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On the behaviour and adaptation of office occupants - ScienceDirect
Source: www-sciencedirect-com.ezproxy.cityu.edu.hk
Appears moderately imbalanced

Article summary:

1. Building simulation programs are limited in their ability to accurately predict human behavior and interactions with environmental controls due to a poor representation of stochastic variables.

2. A field survey was conducted to study the adaptive actions of office occupants in response to thermal stimuli, including the use of windows, blinds, fans, doors, cold drinks, clothing, and activity level.

3. Logistic regression analysis showed that indoor temperature had a significant influence on window opening behavior, while outdoor temperature had less of an impact. Other parameters may also need to be considered for more accurate predictions.

Article analysis:

The article discusses the probabilistic modelling of human behaviour in non-air-conditioned office buildings, with a focus on occupants' adaptive actions to suppress or diminish discomforting stimuli. The study is based on a field survey conducted in Switzerland during the summer of 2006, and the results are presented through logistic regression analysis.

One potential bias in the study is that it only considers non-air-conditioned office buildings located within a 50 km radius of Lausanne, which may not be representative of other regions or building types. Additionally, the study only focuses on thermal stimuli and does not consider other factors that may influence occupants' adaptive actions, such as noise or air quality.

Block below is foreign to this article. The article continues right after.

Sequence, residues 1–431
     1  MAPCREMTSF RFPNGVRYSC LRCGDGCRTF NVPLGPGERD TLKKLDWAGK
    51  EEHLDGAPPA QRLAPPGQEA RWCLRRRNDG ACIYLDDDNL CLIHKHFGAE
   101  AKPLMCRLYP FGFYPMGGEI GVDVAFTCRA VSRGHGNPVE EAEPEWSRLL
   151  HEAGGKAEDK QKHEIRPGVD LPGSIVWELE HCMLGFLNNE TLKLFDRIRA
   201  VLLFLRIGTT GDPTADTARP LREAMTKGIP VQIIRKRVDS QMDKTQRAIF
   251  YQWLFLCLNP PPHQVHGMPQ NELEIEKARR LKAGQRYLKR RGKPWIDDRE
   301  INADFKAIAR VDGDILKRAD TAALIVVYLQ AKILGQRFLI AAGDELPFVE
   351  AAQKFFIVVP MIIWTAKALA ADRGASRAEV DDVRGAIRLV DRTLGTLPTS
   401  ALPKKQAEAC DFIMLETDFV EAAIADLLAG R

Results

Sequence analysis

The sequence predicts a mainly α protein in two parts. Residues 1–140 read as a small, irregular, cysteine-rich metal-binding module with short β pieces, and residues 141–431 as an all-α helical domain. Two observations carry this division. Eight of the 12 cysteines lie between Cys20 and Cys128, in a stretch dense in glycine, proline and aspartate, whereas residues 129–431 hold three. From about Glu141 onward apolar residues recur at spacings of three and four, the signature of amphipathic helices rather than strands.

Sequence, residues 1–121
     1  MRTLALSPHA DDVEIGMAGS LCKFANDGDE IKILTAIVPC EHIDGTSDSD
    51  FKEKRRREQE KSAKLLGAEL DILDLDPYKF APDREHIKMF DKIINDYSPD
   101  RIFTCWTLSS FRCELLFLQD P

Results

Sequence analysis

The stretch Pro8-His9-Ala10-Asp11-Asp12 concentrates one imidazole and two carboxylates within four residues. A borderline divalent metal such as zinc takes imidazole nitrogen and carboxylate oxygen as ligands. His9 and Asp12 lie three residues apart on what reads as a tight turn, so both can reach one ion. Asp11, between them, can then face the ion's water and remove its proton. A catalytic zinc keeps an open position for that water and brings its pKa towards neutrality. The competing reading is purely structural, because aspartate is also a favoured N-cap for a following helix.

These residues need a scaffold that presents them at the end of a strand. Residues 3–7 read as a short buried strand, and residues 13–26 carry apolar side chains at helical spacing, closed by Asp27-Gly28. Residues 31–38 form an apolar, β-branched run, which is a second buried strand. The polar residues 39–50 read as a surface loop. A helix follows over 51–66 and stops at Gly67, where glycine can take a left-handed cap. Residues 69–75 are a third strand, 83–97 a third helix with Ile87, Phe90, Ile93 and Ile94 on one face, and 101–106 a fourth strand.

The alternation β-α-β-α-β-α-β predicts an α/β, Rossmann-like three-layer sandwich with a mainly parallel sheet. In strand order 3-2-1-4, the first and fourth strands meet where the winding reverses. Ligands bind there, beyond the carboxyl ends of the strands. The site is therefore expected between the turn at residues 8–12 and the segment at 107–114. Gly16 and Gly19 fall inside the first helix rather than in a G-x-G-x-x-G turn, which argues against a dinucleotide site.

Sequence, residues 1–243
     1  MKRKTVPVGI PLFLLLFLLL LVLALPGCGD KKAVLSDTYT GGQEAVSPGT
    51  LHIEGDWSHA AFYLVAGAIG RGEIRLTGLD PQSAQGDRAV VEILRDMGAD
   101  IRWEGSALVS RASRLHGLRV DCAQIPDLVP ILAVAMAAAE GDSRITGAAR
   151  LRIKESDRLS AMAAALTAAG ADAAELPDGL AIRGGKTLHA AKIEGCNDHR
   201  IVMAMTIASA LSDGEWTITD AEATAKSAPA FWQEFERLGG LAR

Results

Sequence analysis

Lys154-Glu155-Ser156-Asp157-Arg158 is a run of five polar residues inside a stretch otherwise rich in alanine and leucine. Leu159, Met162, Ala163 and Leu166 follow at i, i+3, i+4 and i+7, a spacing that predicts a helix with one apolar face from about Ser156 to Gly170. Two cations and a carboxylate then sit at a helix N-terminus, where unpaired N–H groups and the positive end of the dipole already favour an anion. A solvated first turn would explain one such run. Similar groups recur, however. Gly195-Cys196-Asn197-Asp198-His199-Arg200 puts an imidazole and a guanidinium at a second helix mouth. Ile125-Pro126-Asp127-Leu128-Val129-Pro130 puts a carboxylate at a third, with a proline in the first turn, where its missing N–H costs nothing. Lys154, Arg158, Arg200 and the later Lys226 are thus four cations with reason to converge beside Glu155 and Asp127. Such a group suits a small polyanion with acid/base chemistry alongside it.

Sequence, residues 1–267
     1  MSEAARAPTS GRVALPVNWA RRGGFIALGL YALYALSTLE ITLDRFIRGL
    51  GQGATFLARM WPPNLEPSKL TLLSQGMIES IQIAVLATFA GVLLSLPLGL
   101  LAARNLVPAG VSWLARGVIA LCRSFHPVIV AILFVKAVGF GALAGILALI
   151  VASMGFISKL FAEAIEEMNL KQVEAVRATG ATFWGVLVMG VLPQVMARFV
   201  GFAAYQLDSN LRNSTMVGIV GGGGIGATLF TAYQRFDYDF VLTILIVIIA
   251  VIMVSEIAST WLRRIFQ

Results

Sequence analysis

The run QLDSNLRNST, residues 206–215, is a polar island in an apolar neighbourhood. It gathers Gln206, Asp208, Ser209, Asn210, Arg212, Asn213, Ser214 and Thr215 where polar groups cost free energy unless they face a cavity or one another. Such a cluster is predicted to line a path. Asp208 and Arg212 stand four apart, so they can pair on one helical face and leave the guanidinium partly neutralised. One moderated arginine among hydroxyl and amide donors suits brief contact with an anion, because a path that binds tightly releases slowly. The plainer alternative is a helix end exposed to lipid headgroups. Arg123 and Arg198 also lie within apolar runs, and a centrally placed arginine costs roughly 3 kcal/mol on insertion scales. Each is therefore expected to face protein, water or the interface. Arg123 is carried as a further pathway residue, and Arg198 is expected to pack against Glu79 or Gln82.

The article presents some unsupported claims, such as the assertion that predictions of like buildings may vary by a factor of two due to poor representation of stochastic variables in building simulation programs. While this claim is attributed to Baker's estimation, no evidence or citation is provided to support it.

The article also lacks exploration of counterarguments or alternative perspectives. For example, while previous research has suggested that indoor temperature is a more consistent predictor than outdoor temperature for window opening behaviour, the article does not discuss any potential limitations or criticisms of this approach.

Overall, while the article provides interesting insights into occupants' adaptive actions in non-air-conditioned office buildings, it could benefit from more comprehensive and balanced reporting.